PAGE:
What is the Eisenhower Matrix? Invented by President Dwight D. Eisenhower, the Eisenhower Matrix is a simple productivity tool for organizing and prioritizing tasks into four categories by degree of importance and urgency: 1) Do 2) Decide 3) Delegate and 4) Delete.

For a variety of reasons — some external, some self-imposed — freelance creatives tend to be constantly juggling many tasks, and always looking for better ways of managing them. We know that procrastination, Imposter Syndrome and general aversion to a blank page — or even a draft — are nearly universal among writers. And we generally will overcome it when the time is right.

But even if you’re fabulously free of writers’ block, knocking out articles twice daily, you’re probably still not free of the to-do list. There are appointments to set, sources to find, paperwork to file, and then an entire long list of family stuff to take care of… and probably a sadly overlooked column of tasks labeled “self care” that hasn’t changed in the past several months.

We’ve discussed creative and productivity tactics before on this blog, as well as an original approach to time management. We’ve discussed theories like the Lazy User Model, and how to use that human behavior to your advantage. We’ve given you tips from experts. Pointed out productivity apps. And now we’re here to show you the Marie Kondo of the to-do list, which actually existed long before Marie took over our Facebook feed. Presenting the Eisenhower Matrix. Yes, as in, the former President Dwight Eisenhower. He invented it.

Diagram of the Eisenhower Matrix Square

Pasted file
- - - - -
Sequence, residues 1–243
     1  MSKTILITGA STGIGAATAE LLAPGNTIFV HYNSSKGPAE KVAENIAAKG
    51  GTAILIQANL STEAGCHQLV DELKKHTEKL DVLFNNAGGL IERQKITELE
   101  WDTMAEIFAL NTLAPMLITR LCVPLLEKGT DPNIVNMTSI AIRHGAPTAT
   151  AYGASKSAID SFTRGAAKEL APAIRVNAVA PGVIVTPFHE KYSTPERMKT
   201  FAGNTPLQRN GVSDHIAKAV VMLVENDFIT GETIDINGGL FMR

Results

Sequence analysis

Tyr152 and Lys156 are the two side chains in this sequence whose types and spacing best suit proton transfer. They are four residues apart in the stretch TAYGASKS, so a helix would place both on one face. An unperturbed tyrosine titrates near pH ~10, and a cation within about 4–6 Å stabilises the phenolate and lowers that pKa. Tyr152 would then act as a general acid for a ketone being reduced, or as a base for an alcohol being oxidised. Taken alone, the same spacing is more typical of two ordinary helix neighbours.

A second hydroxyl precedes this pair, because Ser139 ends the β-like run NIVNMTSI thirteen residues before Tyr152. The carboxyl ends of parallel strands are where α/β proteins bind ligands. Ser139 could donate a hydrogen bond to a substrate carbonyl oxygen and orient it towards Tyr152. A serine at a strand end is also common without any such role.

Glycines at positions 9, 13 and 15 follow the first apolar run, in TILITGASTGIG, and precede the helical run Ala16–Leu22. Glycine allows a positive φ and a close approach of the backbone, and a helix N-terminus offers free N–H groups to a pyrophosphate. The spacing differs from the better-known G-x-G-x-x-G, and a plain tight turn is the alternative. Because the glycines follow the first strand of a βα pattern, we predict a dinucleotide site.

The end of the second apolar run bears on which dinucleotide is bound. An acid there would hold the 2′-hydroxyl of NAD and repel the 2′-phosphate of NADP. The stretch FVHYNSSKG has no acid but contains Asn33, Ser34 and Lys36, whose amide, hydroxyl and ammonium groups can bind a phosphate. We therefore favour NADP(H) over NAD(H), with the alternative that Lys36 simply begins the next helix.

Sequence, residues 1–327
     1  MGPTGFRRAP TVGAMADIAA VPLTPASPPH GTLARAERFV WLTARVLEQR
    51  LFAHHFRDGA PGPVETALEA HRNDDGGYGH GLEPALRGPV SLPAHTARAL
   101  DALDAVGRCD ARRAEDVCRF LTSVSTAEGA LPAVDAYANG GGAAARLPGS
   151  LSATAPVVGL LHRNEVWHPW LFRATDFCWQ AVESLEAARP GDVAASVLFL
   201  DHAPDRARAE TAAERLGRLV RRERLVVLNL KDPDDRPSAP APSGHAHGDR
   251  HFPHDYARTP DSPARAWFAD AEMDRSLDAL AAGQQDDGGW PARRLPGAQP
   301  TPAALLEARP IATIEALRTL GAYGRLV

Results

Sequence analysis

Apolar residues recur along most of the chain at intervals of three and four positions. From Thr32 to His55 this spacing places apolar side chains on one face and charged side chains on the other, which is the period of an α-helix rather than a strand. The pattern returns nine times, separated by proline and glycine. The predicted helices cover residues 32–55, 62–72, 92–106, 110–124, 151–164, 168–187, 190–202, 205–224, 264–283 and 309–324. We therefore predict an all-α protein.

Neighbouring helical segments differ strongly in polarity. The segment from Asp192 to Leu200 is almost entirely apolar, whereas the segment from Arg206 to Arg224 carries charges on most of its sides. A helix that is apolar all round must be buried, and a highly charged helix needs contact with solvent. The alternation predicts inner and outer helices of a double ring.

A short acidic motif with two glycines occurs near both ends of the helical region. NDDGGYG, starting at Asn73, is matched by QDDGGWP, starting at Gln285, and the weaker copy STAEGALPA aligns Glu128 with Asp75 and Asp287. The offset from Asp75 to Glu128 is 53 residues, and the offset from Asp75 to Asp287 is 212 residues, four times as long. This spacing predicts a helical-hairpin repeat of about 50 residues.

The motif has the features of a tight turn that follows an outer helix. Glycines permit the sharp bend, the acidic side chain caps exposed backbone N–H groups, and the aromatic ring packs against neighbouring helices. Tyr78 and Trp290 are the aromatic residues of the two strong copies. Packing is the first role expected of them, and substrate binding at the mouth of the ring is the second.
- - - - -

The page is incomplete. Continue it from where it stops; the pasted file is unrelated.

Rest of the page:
About the Eisenhower Matrix (AKA Eisenhower Box)

It’s incredibly simple, in design and practice. Many people call it the Eisenhower Box, perhaps because that humble moniker suits it better than a word everyone associates with Keanu Reaves sci-fi. No matter what you call it, the concept provides easy organization of all incoming tasks. Make a simple criss-cross that creates four sections. Give each section a label: Important, Urgent, Not Important, Non-Urgent.

This will create four categories:  

  • Important-Urgent
  • Not Important-Urgent
  • Important-Not Urgent
  • Not Important-Not Urgent

Each box has a different mandated way of dealing with the items that sorted into it:

  • Do
  • Decide
  • Delegate
  • Delete

So instead of putting the to-do list down in stream-of-consciousness, you categorize things according to: 1) how much they matter to your life and 2) how time-sensitive they are. It’s easier than most task-scheduling apps or systems, and it works well with the creative thought process, which tends to intuit using gut feelings whether something is important or not.